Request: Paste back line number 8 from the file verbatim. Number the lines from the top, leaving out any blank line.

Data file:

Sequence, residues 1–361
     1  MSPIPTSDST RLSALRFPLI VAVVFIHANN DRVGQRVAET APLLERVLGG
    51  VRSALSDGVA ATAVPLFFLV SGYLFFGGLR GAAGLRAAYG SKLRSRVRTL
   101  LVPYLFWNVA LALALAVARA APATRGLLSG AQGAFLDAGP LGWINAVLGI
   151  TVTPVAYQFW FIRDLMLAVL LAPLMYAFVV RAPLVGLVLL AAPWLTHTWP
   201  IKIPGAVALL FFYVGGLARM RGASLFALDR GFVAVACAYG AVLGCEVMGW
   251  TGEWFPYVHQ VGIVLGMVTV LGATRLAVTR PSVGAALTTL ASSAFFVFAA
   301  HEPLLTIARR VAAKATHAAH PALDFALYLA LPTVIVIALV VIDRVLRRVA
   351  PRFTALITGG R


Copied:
   301  HEPLLTIARR VAAKATHAAH PALDFALYLA LPTVIVIALV VIDRVLRRVA